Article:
The Genuine Health Benefits of Chocolate

Hey Angels and Alphas,

It’s been chocolate season for a while now! And with Valentine’s Day right around the corner, this deep, dark, and delicious treat is going to be splashing its way across the corners and shelves of your local grocery store. 

The health benefits are touted across countless headlined articles (including this one!) – but is chocolate really a superfood measuring up to the hype of chia seeds, green tea, and other touted superfoods?

Here’s what we know so far.

Numerous studies have found that dark chocolate is highly nutritious, rich in antioxidants, and has the potential to improve your blood flow, lower your blood pressure, increase the “good” type of cholesterol, enhance your skin quality, reduce inflammation, and even improve blood flow to the brain. In fact, chocolate was actually eaten throughout history for its healing properties.

But do the billions of dollars that Americans spend on chocolate annually also equate to billions of health benefits? The answer is a (not-so-surprising) no.

You have to eat a ton of commercially available chocolate if you want to reap its benefits. And you know what comes with that? A ton of calories!

Chocolate is indeed healthy – when it’s in its most whole, pure, raw form. But the chocolate we eat nowadays doesn’t really come packaged that way.

All chocolate begins its journey as just a fruit on a cacao tree. The seeds that grow inside it are something called cocoa beans. Once they’re harvested, these seeds are dried, fermented, and roasted so they develop their deep flavor. The inner nibs are the real start of the bunch with their nutty, crunchy texture. In most chocolate bars, nibs are ground to create a chocolate liquor (this has nothing to do with a cocktail,) which then gets mixed together with milk, sugar, and other ingredients such as spices and vanilla.

So, is there a way in which you can work chocolate in your balanced, healthy diet? Yes, but nibbling on chocolate bars isn’t going to get you there. The more your chocolate gets blended and processed, the less potent are its benefits.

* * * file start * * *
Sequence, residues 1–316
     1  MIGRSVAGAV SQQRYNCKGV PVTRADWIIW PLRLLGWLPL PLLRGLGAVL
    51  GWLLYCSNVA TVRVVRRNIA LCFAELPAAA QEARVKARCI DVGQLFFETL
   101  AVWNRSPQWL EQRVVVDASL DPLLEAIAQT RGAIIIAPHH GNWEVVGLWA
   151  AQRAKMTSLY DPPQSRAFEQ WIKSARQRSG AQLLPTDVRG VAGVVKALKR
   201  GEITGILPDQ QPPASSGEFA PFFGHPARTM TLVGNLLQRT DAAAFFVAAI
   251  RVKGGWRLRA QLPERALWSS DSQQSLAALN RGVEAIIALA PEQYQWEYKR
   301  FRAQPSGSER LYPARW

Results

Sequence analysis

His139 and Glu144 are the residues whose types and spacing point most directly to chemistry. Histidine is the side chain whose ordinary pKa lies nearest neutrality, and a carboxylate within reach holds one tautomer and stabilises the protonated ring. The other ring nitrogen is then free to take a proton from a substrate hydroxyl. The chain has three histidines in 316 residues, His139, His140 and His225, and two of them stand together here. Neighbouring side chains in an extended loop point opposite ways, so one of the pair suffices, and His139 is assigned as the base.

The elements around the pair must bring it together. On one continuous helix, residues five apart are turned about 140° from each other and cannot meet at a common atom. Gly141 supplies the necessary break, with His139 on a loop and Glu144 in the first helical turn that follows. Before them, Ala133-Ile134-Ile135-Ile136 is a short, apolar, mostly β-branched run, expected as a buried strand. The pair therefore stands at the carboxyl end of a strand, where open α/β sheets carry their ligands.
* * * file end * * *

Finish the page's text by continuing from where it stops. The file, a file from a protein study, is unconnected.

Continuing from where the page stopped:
Today, we’re here to explore the health benefits of chocolate, so you can find whether it’s worth it or not to fit it inside your diet.


Flavonoids are a type of polyphenol or micronutrient that’s found naturally in plants and it helps protect them from environmental toxins and repair damage. They’re powerful antioxidants and found highly concentrated inside cocoa beans (which are a fruit, by the way.) In high doses, these compounds will carry anti-inflammatory, anti-oxidative properties to your body, preventing and restoring your cells.


Flavonols are the main flavonoid that’s naturally found in cocoa beans. They also happen to be responsible for the bitterness we often taste in bars of raw chocolate. Flavonols are especially beneficial to the heart, improving your blood flow, increasing your circulation, reducing the risk of clots, and potentially reducing blood pressure.


Two of the most potent flavanols you’ll find out there are epicatechin and catechin. Both of them increase blood antioxidant activity, reduce oxidative stress, and even promote better gut health. The presence of both of these inside chocolate improve the quality of bacteria in your gut, increasing the amount of healthy bacteria and reducing the number of pathogenic bacteria. The darker the chocolate, the better it is for your gut.


The antioxidants found in cocoa beans will help reduce the oxidative stress on your body by inhibiting and reducing the amount of free radicals. Free radicals send our immune systems into overdrive, so it’s important that we keep them under control.


Theobromine and caffeine are two components found in chocolate that boost and improve mood and energy. Both of these substances block your body’s adenosine receptors. This helps you feel more alert. When adenosine initially binds to its receptors, it then slows down neural activity. The result? You begin to feel sleepy.

Some studies have even said chocolate promotes the production of serotonin (the stabilizer of good mood.) But, the reality is most of these mood-boosting compounds are found in a very small quantity of the chocolate we eat. It’s more likely the overall experience we undergo while eating chocolate — that one single moment of instantly satisfying a sweet tooth— that is likely responsible for the “euphoria” we often feel after nibbling on chocolate.